There are some differences between Village Green and Wyvernwood, but after seeing the property and hearing stories from the residents, the similarities far exceed any differences. The most obvious and important quality we both share is the sense of pride we feel about where we live. Even in somewhat diminished current states, with the removal of some of the features planned by the designers to help foster community, these Garden Cities are so well-designed that they still manage to bring people together like no other place I’ve ever experienced.

Over the course of the next week or so, I’m going to do several posts about Wyvernwood, attempting to show just how very much alike our two communities are. I’ve been doing research on the history of the community, including the architects and landscape architect, and will post brief biographies and descriptions of their work. I’ll describe how Wyvernwood came to be developed, what made it so successful, innovative, and well-received when it opened in 1939, and how it actually may have influenced the design team then working on Baldwin Hills Village. I’ll also show you what the current owners plan to replace Wyvernwood with once they destroy it, and how I believe that the rationale behind their claim that the new community will “transform the outdated Wyvernwood complex into a beautiful, modern and sustainable neighborhood” isn’t entirely rational.

The complete series of posts about Wyvernwood can be found here


  1. This is amazing! Thanks so much for helping to spread the word about Wyvernwood and providing such great context about the great Garden City apartment complexes of Los Angeles.

  2. This is really eye-opening. We all know and love Baldwin Hills Village/The Village Green, but so little is known about Wyvernwood outside of its neighborhood. Raising awareness of this great community is so important and you are sharing such good insights.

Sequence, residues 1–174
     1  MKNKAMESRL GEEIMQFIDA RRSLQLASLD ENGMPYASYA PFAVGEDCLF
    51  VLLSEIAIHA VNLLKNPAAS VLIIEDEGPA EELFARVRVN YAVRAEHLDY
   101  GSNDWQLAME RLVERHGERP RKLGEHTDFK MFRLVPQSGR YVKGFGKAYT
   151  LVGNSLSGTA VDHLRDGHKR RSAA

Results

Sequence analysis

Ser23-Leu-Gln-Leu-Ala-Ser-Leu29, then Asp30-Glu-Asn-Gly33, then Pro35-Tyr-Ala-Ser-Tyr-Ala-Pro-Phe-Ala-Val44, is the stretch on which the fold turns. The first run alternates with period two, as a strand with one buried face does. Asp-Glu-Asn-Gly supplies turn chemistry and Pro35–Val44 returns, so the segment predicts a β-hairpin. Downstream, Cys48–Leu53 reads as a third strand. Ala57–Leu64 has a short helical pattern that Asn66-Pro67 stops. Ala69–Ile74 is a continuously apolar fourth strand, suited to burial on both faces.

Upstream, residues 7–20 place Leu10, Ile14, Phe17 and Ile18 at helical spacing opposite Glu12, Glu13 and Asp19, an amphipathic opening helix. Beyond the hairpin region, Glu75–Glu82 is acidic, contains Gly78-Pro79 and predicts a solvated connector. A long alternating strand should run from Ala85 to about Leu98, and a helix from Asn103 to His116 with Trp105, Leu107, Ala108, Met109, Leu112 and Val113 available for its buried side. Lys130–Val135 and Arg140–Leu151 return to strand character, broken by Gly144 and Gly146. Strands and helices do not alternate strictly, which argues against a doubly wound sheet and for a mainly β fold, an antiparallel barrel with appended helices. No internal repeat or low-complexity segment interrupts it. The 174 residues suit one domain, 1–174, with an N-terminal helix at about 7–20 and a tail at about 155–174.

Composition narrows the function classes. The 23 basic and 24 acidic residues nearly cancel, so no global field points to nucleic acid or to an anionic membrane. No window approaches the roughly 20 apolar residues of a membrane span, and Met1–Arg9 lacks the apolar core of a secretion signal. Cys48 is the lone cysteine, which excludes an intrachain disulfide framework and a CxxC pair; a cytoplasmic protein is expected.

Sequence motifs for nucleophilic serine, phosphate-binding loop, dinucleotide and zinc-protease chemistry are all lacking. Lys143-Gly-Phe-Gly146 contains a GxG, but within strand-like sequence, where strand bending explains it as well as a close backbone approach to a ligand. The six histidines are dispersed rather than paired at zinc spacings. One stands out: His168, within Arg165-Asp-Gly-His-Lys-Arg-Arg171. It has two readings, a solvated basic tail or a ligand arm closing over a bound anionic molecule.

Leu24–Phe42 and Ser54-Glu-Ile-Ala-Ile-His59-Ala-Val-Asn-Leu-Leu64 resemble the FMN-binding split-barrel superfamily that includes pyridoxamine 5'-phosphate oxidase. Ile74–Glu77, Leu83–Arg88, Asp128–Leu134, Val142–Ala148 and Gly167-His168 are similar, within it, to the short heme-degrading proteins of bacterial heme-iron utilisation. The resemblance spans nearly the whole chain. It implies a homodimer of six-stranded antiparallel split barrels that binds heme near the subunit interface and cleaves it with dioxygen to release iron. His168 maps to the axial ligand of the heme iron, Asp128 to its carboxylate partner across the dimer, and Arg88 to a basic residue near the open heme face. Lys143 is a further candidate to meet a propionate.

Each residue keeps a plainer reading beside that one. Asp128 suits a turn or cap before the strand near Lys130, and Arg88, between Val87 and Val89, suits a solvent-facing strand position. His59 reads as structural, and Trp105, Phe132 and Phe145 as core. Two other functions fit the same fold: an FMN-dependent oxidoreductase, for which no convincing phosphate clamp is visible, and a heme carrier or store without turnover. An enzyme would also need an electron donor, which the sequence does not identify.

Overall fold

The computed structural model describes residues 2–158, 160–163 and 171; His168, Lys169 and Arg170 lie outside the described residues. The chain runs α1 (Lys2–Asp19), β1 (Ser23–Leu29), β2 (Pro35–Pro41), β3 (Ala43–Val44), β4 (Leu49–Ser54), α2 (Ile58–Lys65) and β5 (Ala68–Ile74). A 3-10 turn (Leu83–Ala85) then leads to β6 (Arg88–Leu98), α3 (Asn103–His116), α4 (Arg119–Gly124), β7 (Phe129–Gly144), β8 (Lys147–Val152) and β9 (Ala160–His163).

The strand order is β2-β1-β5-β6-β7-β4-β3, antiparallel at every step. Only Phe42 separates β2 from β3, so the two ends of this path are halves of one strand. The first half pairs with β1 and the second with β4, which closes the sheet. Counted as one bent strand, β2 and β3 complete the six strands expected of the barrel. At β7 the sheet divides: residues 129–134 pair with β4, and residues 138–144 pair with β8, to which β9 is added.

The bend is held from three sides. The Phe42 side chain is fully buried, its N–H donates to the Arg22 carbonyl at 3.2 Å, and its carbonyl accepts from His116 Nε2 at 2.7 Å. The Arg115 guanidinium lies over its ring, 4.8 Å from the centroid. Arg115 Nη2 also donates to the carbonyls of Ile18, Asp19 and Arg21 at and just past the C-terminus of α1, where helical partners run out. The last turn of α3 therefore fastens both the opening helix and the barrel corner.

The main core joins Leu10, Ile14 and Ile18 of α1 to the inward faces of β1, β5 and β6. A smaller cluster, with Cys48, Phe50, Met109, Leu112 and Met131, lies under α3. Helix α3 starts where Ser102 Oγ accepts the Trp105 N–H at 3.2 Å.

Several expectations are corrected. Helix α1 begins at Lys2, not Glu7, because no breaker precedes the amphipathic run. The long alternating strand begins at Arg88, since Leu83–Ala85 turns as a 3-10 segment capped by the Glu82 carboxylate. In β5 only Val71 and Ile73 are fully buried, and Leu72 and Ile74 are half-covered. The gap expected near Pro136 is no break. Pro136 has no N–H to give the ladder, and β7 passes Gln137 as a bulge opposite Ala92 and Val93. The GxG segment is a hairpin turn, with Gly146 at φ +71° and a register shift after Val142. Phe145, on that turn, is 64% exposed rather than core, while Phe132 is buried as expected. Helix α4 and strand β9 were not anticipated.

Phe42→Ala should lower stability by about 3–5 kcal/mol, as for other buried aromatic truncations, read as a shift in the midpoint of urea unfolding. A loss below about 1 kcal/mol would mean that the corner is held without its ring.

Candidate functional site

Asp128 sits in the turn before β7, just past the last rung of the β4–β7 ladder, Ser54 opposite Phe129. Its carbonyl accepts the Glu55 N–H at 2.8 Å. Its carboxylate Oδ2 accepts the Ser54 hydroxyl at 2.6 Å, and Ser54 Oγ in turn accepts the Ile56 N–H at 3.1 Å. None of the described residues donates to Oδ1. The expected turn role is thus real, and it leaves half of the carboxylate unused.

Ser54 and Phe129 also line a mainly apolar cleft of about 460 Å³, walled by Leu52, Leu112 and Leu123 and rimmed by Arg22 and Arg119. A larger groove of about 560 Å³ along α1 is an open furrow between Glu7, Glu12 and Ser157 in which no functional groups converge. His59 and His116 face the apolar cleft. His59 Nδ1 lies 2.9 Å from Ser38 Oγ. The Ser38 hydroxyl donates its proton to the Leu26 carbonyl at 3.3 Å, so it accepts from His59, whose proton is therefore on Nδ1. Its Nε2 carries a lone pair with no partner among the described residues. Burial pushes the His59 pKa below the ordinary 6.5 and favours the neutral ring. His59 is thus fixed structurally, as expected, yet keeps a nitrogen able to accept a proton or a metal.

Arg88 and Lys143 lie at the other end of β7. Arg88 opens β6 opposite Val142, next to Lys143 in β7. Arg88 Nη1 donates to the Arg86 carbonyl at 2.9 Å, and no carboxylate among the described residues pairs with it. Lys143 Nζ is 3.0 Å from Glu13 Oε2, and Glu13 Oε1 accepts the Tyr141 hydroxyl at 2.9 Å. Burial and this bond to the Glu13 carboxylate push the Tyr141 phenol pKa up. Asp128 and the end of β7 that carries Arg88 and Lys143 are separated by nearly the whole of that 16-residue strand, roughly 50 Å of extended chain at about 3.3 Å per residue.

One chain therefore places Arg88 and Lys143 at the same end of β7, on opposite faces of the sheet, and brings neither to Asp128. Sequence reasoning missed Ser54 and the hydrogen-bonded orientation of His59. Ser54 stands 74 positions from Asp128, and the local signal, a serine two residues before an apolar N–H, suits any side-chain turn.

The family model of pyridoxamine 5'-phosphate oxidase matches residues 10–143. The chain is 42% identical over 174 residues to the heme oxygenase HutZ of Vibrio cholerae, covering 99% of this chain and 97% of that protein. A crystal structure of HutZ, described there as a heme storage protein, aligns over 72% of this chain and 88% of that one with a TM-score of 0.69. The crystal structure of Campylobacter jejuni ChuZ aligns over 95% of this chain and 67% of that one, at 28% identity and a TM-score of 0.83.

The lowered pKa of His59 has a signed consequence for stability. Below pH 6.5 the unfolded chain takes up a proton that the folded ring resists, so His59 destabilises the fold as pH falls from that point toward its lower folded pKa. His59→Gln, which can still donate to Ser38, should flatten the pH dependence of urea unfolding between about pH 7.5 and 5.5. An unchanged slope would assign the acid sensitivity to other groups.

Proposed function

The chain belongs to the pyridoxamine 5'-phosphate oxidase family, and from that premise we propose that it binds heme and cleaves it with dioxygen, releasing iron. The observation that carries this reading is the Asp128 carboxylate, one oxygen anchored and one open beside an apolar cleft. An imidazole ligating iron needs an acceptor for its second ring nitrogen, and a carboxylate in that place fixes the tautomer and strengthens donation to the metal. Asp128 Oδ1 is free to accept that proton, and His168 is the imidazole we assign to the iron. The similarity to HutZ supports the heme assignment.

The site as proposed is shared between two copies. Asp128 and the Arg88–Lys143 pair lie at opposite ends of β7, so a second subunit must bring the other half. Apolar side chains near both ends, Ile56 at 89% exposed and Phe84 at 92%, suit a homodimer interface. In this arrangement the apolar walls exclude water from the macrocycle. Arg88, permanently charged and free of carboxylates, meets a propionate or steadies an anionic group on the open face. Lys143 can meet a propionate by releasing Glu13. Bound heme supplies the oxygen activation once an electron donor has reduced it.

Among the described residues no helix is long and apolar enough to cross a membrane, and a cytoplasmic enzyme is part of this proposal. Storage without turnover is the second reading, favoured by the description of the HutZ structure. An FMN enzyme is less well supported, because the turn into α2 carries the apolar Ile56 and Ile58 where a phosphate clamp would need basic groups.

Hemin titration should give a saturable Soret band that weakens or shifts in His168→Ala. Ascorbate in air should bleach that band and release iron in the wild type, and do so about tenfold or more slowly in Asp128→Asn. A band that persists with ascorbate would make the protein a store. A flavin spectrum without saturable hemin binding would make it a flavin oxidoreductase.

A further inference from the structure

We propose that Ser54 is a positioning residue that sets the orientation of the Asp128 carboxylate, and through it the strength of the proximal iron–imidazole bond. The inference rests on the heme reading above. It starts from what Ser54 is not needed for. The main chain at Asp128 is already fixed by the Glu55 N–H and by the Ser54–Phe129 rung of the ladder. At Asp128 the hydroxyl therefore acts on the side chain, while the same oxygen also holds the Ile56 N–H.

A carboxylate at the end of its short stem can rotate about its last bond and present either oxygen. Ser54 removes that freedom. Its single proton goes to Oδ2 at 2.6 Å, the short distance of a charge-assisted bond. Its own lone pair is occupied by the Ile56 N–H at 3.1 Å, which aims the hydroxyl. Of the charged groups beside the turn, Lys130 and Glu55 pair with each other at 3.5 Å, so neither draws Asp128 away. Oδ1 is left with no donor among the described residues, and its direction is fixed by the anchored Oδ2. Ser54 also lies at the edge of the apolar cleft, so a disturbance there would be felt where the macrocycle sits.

3. Looking forward to reading more about Wyvernwood. My curiosity is piqued!

  4. Across the L.A. River on 12th street the Crown Coach Corporation made school buses and fire engines. When completed, every fire engine was driven over and parked in front of Wyvernwood where it was photographed (the "delivery" photo, a tradition in fire apparatus manufacturing). I believe the photographer chose a particular location near around a traffic triangle with trees in the middle due to the picturesque setting, greenbelts in the background, etc. Our organization has saved the records from Crown and we have many photos of brand new fire engines from the 50s -70s with Wyvernwood in the background. About a decade ago I became so curious I had to track down where the photos were taken. Thanks for providing even more history than I already had known.

  5. Thank you Mike, that's so interesting! I'd love to see some of those photos... Your website is fascinating too, a lot of good material.